Artist’s Statement (365 sketches, 2010)

I was inspired to take on the project that produced the above images ( in 2010) when I read an article on a website ( that suggested that I design one thing every day. The article said that it would help me to become a better artist, allow me to thoroughly learn my design tools, and build a thorough portfolio of design work. Many examples of this kind of project exist, such as daily photography projects with the tag ‘365’ on Flickr, or daily cooking blogs that do one recipe a day. One teacher in particular told me that doing something every day in the pursuit of making myself a better artist (one phone call, one lesson, one handshake) was the most important thing I could do. I had never seriously considered maintaining a daily regimen of creation before this project, though I’ve created art since I was a boy. Since starting the project, I’ve gathered an audience who helps me to design, confidence in my tools, clarity in my choices, themes in my work, and a more grounded idea of how design affects our everyday life.

I begin the process of each of these sketches by becoming inspired by mostly external sources. I may be looking at a magazine, listening to a song, talking with a friend, or visiting a Facebook page when suddenly, I will think of how something I just saw might be illustrated in a 500 pixel square. From there, I’ll usually research a concept, such as the Jersey Devil, or find free or creative commons source photos, such as a girl’s face or a flower, in preparation for working in Inkscape. From there, it becomes a matter of finding the best ways to use Inkscape to bring the concepts, visuals, and messages together in a way that I’m comfortable with publishing, sharing, and explaining to people. I’ve chosen some themes, such as faces, monsters, and quotes just to have a starting point if no other inspiration exists, but I try to use them intermittently, so that it does not turn into a monster sketch project, for instance. Techniques that I’ve discovered and that work well show up often. One, in which I trace a photo into a stark and stylized black and white image (bitmap tracing) is a technique that is in almost every sketch that I do, and has become a core part of my processing of photos for the project.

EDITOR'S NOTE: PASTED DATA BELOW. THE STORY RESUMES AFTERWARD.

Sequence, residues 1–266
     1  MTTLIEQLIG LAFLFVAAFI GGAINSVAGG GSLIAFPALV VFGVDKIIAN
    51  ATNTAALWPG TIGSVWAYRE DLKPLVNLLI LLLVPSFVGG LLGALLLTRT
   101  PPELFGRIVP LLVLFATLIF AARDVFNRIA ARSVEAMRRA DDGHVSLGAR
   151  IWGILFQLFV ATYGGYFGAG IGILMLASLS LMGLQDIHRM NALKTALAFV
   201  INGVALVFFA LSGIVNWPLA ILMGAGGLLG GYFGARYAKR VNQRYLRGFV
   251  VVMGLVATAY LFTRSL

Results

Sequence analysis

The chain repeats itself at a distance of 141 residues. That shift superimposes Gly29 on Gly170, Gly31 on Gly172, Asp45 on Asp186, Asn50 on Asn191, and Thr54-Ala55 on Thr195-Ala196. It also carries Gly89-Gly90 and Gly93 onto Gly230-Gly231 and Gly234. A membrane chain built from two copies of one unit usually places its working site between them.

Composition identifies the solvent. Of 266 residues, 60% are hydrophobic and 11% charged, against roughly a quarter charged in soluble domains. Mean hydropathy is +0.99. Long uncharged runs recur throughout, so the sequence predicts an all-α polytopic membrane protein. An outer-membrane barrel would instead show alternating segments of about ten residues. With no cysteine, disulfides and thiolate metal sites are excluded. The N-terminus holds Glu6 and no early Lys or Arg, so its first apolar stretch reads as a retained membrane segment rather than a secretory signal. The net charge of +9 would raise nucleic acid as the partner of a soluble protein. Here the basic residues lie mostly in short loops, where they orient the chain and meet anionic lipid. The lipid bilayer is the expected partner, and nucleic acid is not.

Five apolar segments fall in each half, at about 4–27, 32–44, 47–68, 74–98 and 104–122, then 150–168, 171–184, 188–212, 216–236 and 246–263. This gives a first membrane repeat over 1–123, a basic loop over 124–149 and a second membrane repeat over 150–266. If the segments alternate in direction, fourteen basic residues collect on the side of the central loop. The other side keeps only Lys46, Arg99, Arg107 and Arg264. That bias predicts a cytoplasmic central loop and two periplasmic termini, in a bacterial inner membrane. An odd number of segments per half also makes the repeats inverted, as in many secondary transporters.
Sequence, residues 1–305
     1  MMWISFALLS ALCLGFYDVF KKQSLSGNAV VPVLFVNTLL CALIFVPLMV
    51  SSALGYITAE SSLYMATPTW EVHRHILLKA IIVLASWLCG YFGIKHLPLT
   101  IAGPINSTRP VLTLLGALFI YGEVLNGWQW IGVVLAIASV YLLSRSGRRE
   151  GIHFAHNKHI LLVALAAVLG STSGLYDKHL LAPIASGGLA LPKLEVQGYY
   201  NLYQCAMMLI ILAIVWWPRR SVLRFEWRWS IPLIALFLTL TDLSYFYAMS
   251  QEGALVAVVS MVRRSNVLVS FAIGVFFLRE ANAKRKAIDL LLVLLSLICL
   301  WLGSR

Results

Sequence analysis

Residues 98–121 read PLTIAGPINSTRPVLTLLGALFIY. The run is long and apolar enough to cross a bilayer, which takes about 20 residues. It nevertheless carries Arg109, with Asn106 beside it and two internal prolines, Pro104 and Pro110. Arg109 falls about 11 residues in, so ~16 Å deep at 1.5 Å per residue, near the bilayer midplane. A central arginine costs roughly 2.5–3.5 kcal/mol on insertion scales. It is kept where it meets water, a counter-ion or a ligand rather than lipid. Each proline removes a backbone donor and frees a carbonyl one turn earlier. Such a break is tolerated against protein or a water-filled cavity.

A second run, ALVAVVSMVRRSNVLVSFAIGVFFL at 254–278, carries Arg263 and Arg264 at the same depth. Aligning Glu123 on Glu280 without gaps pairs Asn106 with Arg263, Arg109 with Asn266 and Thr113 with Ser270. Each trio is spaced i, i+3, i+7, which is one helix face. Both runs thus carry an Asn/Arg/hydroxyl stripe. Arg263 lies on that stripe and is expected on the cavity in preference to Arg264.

My most recent work in this project has been both fun and confident. The project itself is responsible for both of those attributes for me. I feel that by working to develop these sketches, I have asked myself to try the tools that I might not otherwise try. In mandating daily use, I attempt sketches of scenes or ideas that I would never even consider if I was making a sketch a week or working for someone else in a contract. Now, each day, as I look through the menus in Inkscape, I often say to myself “oh, look at that — I never saw that tool before” and I’ll click it and turn the effect into a sketch, building as I go. I have never done that in the past in any consistent way, because before, work in Inkscape was done to complete a particular predetermined task. For this project, learning the corners and shadows of the application have been as important, if not more important, than developing any particular kind of outcome.

John LeMasney,, 2010

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